Gill Bledsoe is the co-owner and winemaker of Pillar Bluff Vineyards located in Lampasas. Gill answered our questions for this month’s winemaker profile.
- What did you do before becoming a winemaker (if anything)?
I spent 20 years, two months, and three days in the Reagan era Army as a commissioned officer and helicopter pilot. My duty was in the Pacific Rim (Korea, Alaska, and Panama). Following the Army, I spent 12 years as a defense contractor and went to the National Training Center three times and Iraq once. I retired from the contracting business to start the vineyard and winery in 2004 and have been busy ever since.
- What is the toughest challenge about being a winemaker in Texas?
The biggest challenge has been the grape growing and acquiring grapes at desired Brix and pH. Over the last seven years, the fruit quality has significantly improved and the wine quality along with it. For all the accolades that T.V. Munson gave to Texas, the weather in the state makes grape growing a challenge. If it isn’t a drought, then it is a freeze. If it isn’t hail, then it’s critters.
- Is winemaking an art or a science or both?
There is a little of both in it. I consider winemaking like kicking field goals. The vertical uprights and sugar and acidity. The horizontal crossbar is acceptable flavor profiles. Balance the three and you get three points and continue to play. Go off those parameters and you get nothing.
- What is your favorite food and wine pairing?
My perfect pairing is an Estate Bordeaux Blend served with an ancho chile and honey basted bison grilled tenderloin, asparagus lightly seasoned with sesame oil and seeds served lightly grilled. Cannot live without garlic mashed potatoes. Dessert is a Pair Port served over dark rum poached pair on vanilla ice cream and pound cake.
- If you didn’t make wine, what would you do?
I think in the alternate universe I would be a chef.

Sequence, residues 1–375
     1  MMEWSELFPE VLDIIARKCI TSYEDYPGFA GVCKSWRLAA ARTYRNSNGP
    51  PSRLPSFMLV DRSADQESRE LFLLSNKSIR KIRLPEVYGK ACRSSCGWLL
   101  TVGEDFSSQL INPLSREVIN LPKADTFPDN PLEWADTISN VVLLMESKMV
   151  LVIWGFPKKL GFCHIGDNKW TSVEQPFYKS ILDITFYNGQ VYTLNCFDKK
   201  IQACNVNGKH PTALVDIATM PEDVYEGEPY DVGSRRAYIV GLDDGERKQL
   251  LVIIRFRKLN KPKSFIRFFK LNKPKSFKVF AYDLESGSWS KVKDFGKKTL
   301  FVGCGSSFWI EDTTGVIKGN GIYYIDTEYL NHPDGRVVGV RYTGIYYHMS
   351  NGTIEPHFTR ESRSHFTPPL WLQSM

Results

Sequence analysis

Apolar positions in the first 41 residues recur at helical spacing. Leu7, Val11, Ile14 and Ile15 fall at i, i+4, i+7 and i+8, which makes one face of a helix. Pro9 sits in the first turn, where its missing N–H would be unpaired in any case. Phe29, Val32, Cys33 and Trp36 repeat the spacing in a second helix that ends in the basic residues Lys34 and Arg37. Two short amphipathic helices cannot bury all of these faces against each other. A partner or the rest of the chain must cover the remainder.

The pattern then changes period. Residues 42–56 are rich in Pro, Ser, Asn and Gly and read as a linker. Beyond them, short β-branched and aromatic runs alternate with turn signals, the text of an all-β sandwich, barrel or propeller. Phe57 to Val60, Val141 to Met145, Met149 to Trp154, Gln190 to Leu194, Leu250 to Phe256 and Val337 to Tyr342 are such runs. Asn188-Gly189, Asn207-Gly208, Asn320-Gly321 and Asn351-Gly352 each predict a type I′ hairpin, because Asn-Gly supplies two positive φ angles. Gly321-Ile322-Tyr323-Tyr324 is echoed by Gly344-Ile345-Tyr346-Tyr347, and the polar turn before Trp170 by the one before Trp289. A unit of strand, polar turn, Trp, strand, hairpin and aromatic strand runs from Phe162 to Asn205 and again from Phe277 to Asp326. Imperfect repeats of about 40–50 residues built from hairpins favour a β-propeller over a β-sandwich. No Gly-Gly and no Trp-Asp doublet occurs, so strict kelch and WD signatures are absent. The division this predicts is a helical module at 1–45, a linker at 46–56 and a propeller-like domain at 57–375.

- What first attracted you to winemaking and how long have you been doing it?
The first wine was a Muscadine wine we made at Ft. Benning, GA in 1982. It turned out good enough to take it home for the Thanksgiving holiday with the family. Beautiful rose color and fairly sweet. That wine also taught me two lessons. First lesson, Coffee-mate filters are lousy wine filters and the second lesson was in wine packaging. Put the product in a consumer recognizable wine bottle.
- What is the most common question you are asked as a winemaker?
I think the most common question is “How did you get started?” Which is listed above. The second most is what is your best wine? To which, I reply a great Bordeaux styled wine was the only wine we wished to produce at this winery. In the Billy Crystal movie City Slickers, there was a character Curly. Curly, played by Jack Palance, said the secret to life was one thing. Find it and nothing else matters. (or words to that effect) For us, the Bordeaux Blend is that one thing.
- After a long day in the winery or vineyard, what do you do?
I understand now how the winery or vineyard very quickly becomes the “other woman” in a marriage. Without a good wife to come home to to share the day with, a hard day would be meaningless. Her council is what makes it all worth while.
- What’s the greatest part about being a winemaker?
I love watching for that “Ah Ha” moment when the customer’s perceptions and expectations are just burst and shredded. They just cannot believe that this little winery has the wine quality of the biggest winery within the State and beyond.
The second best thing is being a pioneer in a fledgling industry. When we got bonded, we were the 46th winery in the state. Now there are over 400 with winery permits. We were the first winery in the Lampasas area and now there are six others within a 30-minute drive of Lampasas. Wineries are tourism, and if we can develop tourism in Lampasas, everybody wins.
- What is your winemaking philosophy, that is, what are you trying to achieve with your wines?
Simply speaking, treat the grape with the dignity it deserves. Invite the customers into your tasting room like it were your home and don’t overprice your wines. You can shear a sheep every year, but you can only kill him once.